But this phrasing minimizes the Jewish connection to Jerusalem, Judaism’s holiest city. Jerusalem has had a majority Jewish population since the 1820s—more than a century before the formal recreation of the Jewish nation of Israel. And it is central to the Jewish faith.
The Post also fails to inform readers that Israel did not “occupy” Jerusalem “since the 1967 war.” No Palestinian Arab state has ever existed, and Jerusalem has never been the capital of anything but a Jewish state. Rather, as a result of the 1948 War, in which Arabs rejected the U.N. Partition plan, both Israel and Transjordan (today’s Jordan) occupied portions of Jerusalem. During the 1967 Six-Day War, Jordan’s King Hussein resisted Israel’s entreaties for peace, choosing war instead. Consequently, Israel won the rest of its holy and ancient city in a defensive war.
The Post’s claim that Palestinians view the city’s eastern section as a capital for a future state doesn’t withstand scrutiny. The newspaper fails to mention that Israel and the U.S. have made numerous offers for a Palestinian state, several of which would have given them eastern Jerusalem as a capital. In 2008, for example, Israel put forward an offer for a Palestinian state with its capital in eastern Jerusalem. PA leaders rejected the proposal, failing to even make a counteroffer. In 2014 and 2016, the U.S. proposed—and Israel accepted—similar offers. But these were also spurned by Palestinian leaders. This recent history shows that, contra the Post’s assertion, Palestinian leaders don’t view it as “the capital of a future Palestinian state.” If they did, they could have had precisely that on several occasions. They declined.
When the Post isn’t omitting relevant history, it’s providing a forum for unverified claims by Palestinian officials.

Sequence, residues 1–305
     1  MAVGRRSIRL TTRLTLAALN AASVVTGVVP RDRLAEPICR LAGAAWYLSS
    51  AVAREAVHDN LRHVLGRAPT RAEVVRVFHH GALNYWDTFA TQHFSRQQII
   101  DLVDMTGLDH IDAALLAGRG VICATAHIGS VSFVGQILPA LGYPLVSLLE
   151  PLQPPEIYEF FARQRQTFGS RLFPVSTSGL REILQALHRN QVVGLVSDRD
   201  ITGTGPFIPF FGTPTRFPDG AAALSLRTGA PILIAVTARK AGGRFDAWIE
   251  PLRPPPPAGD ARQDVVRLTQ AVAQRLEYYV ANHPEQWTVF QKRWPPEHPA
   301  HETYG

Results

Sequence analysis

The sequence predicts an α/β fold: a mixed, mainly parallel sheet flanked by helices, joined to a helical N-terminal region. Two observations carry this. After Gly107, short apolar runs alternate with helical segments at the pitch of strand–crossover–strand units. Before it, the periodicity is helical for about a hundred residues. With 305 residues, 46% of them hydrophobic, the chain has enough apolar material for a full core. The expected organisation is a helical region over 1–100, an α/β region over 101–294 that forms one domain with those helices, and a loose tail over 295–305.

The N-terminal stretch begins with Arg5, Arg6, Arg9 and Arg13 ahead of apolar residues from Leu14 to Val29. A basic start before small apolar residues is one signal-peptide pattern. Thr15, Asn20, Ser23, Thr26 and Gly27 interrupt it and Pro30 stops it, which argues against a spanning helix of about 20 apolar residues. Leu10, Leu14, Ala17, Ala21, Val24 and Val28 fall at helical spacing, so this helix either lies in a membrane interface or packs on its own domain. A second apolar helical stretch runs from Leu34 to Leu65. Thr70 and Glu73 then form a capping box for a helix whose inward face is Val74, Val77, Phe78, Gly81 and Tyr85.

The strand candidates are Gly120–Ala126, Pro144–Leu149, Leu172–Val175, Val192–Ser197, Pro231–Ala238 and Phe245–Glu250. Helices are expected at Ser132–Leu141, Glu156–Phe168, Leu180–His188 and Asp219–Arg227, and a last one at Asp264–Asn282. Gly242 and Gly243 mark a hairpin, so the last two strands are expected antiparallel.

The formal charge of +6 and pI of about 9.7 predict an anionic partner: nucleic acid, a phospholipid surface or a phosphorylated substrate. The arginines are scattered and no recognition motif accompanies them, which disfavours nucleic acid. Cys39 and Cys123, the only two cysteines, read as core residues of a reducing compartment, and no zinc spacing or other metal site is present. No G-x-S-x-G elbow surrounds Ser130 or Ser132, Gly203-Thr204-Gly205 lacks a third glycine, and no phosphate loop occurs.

The newspaper notes that Israeli police arrested two PA officials for violating a law that says its illegal for foreign entities to act under Israeli sovereignty without Israeli permission. The Post reported that the two officials — Fadi al-Hadami, the Palestinian minister for Jerusalem affairs, and Adnan Ghaith, the Palestinian shadow governor of Jerusalem — “were detained for carrying out political activities on behalf of a foreign entity.”
The Post then uncritically regurgitates Al-Hadami’s libelous claim that he was “detained for appearing on Palestinian television to advise East Jerusalemites to stay home and take precautions”—an absurdity given that Israeli officials are telling all citizens, Arab and otherwise, to take these precautions. Worse still, the newspaper breathlessly quotes Al-Hadami’s claim that upon his arrest Israeli officials “wanted me wanted me to put on a face mask, but I could tell it was used…There were drops of blood on it.’”
The PA’s assertion that Israel wants Arabs to get sick is disgusting—and overlooks the considerable aid, tests, and training that Israel has given both the PA and Hamas to counter the coronavirus. And if the Post feels his allegations to be worth printing, they should have made readers aware that al-Hadami has been arrested before for violating this law. As JNS noted in an April 5, 2020 report, this is the PA official’s fourth arrest for violating this exact law, with other violations predating the current coronavirus crisis.
Information about al-Hadami’s arrest should have been included in the Post’s report. Indeed, several other outlets mentioned it. But the newspaper omitted it. Just as they have declined to note PA Prime Minister Mohammad Shtayyeh’s March 31, 2020 blood libel that Israel is intentionally infecting Palestinians with the virus. That incident, JNS reported, was widely condemned, including by ADL Director Jonathan Greenblatt who called it “shameful” and “an age-old antisemitic canard.”
It is shameful that The Washington Post can’t be troubled to report antisemitic blood libels coming from the mouth of the PA Prime Minister, but allows itself to be a forum for anti-Israel propaganda and disinformation.